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Surveys as a Research Method: The Backbone of Quantitative Research is Within Your Organization's Reach


Research Sample
 

It is usually impossible for a researcher to directly measure the attitudes or behaviors of every person in the population they are studying.  Instead, they take a sample of that population for the purpose of conducting research.

Let's return to the Metamorphosis Project example.  We were interested in the level of neighborhood belonging of residents of South Los Angeles.  But we knew we could not survey every single resident in that entire population, so we went through a procedure to get a sample – a smaller but representative subset – that could be used in the place of measuring the entire population.

There are two main types of samples – Probability (or Representative) samples, and Non-Probability (or Non-Representative) samples.

Probability or Representative samples are the best sample you can have because they accurately “represent” important aspects of the population from which they are selected.  There are several different types of probability samples, but in short, each member of the population has an equal chance of being selected for the study. 

Returning to the Metamorphosis Project example, because the survey firm we worked with randomly generated telephone numbers of local community members to interview, our survey is considered representative, because each community member pretty much had an equal chance of being contacted and taking part in the research.  If a probability sample is collected, the results can be reported as “generalizable” to the population – this means that your findings within this smaller subset of individuals should hold true for the entire population, even though you did not speak to everyone in that population.  There are several different types of probability samples – see our additional resources if you are interested in learning more about these different strategies.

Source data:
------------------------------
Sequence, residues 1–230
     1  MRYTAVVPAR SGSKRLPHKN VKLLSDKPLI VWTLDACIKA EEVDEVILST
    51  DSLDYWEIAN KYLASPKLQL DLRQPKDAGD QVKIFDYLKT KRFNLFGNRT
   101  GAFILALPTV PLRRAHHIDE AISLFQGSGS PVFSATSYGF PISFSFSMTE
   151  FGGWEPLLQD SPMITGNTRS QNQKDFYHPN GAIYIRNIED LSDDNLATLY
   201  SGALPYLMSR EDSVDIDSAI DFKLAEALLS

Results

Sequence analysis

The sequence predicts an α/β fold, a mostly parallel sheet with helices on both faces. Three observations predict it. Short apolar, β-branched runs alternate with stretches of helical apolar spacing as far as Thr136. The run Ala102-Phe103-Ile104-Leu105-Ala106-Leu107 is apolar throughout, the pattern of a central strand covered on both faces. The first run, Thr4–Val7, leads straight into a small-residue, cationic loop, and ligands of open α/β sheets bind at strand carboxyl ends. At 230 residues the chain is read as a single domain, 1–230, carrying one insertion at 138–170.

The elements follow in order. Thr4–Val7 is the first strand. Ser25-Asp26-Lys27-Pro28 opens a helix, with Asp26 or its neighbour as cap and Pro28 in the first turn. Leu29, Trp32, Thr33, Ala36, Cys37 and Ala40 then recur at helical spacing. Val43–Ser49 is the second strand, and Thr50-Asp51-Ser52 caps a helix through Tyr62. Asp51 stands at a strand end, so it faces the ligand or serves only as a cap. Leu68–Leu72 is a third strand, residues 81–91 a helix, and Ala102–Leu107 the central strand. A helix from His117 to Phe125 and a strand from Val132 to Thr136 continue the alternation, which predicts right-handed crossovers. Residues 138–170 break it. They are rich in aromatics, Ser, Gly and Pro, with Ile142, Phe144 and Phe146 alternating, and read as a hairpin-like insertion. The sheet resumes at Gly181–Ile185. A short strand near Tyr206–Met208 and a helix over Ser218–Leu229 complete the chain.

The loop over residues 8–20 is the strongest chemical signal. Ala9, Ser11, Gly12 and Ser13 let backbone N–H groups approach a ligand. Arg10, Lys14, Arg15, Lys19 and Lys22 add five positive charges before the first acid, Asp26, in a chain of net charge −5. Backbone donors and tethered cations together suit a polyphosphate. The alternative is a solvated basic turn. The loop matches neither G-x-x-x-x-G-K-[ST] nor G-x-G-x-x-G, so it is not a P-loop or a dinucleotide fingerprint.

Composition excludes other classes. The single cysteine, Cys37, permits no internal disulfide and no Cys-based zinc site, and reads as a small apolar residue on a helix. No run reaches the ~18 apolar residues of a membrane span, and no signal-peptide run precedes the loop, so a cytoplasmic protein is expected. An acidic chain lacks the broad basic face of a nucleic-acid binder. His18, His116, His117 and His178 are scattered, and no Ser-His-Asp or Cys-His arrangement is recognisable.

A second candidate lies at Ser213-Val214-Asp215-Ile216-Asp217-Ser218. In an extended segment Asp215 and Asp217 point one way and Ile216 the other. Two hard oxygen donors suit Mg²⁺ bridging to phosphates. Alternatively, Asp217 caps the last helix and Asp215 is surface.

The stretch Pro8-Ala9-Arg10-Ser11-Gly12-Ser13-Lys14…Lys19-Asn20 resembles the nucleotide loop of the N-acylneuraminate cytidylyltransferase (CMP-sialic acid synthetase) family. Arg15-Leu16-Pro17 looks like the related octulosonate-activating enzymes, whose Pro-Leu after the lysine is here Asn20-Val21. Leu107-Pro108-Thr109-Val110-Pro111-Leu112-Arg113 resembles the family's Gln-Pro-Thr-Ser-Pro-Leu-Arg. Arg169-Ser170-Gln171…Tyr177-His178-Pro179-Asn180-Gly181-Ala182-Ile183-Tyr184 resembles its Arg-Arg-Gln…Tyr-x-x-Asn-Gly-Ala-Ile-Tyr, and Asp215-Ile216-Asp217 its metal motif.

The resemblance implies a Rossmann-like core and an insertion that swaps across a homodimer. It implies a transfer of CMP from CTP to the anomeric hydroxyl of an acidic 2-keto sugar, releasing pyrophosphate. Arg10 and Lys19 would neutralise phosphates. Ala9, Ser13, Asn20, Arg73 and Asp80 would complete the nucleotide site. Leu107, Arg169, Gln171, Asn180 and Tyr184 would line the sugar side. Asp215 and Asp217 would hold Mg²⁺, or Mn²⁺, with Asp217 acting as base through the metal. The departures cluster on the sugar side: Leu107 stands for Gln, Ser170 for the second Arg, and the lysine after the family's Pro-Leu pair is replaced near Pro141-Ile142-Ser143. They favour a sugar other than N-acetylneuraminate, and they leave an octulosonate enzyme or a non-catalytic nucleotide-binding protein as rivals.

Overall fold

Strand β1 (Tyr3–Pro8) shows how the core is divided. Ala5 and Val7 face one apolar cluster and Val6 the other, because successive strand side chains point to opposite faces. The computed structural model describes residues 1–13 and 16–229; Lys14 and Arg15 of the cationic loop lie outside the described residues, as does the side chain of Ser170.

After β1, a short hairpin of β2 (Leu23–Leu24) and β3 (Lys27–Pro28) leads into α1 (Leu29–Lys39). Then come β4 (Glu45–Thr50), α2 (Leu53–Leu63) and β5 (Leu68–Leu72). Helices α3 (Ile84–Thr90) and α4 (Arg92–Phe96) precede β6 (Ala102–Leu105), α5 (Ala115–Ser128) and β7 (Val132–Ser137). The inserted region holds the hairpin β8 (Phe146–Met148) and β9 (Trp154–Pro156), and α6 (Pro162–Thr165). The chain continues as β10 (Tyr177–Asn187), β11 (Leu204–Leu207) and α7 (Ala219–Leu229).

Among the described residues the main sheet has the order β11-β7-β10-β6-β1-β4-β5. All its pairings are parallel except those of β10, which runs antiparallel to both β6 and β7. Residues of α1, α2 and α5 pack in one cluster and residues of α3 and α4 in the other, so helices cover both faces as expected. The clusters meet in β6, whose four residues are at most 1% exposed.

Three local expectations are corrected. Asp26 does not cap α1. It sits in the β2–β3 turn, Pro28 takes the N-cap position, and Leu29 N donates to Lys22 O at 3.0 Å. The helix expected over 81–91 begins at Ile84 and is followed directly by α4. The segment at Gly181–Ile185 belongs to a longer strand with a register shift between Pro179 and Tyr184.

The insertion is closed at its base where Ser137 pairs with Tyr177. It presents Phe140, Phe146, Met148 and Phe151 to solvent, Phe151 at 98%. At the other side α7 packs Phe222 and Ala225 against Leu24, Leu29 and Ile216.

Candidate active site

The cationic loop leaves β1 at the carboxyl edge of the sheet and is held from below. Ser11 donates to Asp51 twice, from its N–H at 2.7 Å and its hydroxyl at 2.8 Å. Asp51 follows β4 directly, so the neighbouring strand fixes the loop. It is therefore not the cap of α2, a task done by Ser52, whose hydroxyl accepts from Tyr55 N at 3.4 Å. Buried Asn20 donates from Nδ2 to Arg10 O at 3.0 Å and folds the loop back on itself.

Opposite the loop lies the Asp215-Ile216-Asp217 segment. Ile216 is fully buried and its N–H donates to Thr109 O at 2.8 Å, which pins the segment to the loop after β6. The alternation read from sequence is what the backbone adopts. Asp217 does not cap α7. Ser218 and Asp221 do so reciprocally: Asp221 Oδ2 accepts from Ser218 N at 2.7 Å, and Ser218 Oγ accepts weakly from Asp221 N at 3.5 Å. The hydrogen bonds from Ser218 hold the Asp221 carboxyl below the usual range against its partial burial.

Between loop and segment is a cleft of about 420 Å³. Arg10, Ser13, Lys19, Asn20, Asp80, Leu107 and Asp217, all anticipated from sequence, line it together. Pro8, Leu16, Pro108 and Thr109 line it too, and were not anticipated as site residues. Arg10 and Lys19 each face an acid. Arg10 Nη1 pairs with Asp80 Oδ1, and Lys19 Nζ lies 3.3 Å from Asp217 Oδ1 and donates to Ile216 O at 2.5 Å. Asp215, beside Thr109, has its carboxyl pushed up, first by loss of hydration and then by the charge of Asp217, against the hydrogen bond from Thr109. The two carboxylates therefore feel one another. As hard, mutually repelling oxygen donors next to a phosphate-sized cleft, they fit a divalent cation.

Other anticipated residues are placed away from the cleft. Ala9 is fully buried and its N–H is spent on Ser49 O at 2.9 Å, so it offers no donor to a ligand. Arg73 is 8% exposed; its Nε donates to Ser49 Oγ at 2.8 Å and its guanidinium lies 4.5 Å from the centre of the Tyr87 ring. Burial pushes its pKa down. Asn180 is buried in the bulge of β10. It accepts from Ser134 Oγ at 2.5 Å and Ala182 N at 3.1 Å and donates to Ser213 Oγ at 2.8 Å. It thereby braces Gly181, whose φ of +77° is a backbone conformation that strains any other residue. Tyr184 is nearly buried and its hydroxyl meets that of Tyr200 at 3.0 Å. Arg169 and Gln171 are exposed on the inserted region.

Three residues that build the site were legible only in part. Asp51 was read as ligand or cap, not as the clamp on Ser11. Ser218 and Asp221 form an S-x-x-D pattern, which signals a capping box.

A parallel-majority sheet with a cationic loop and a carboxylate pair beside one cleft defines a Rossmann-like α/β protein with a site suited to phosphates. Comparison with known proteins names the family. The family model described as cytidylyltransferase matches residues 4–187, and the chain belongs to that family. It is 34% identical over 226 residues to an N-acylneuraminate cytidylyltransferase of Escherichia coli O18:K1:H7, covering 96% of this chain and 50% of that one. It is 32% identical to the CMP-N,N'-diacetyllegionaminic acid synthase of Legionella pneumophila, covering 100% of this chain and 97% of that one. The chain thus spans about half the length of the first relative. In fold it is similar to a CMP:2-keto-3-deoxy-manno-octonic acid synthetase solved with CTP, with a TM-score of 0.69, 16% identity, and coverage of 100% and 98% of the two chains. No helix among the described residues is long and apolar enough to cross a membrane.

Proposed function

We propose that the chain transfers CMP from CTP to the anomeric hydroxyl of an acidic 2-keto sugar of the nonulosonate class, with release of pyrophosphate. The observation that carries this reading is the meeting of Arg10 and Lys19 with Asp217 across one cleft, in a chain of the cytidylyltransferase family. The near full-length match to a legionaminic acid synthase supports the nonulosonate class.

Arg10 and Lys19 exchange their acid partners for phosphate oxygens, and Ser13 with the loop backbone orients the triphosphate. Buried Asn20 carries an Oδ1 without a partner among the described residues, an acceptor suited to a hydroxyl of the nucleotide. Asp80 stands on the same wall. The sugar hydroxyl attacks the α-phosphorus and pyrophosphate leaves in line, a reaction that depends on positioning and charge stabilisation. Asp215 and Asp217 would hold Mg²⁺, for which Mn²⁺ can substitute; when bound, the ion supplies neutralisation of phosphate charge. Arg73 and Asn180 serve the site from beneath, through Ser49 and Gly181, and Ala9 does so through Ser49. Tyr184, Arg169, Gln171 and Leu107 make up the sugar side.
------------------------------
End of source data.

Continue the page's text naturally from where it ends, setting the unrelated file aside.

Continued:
Non-Probability or Non-Representative samples do not provide the same types of generalizable results, but often due to a lack of time, resources or expertise, these samples are used.  They can still provide valuable insight into your population, but you must be extremely careful not to make claims that your survey definitely “represents” the population in question, because you are not sure how much your sample really represented the broader community.  For instance, you might ask every person who comes into the office of your organization to fill out a survey about problems in the community.  This is not a random sample – only people who enter your office have an opportunity to fill it out – but it still can provide some valuable information that might inform your work or lead you to ask new questions.  Once again, there are a number of different types of probability samples – see our additional resources for more information.

Keep in mind the resources and capabilities of your population in question.  Is it likely that your research population might be illiterate?  If so,opt for a method that would not require them to read.  Is it likely that your research population might not have a telephone?  If so, try to go door-to-door or survey them in a public or private space where they are likely to gather.  Is it likely that your research population does not speak English?  If this is the case, make sure your materials are available in their native language.  Does the population have internet access? If so, you might consider an online survey – there are several free and low-cost services that can be used.  Is there an available list of the population in question – either a list internal to your organization or part of the public record?  If this is the case, you could call them directly, mail or E-mail out the survey, or try to conduct the interviews in person.
Can you get participatory and enlist the help of community members in the process of sampling? They can help administer surveys at your office, at community events, or at other communication asset spots in the neighborhood.

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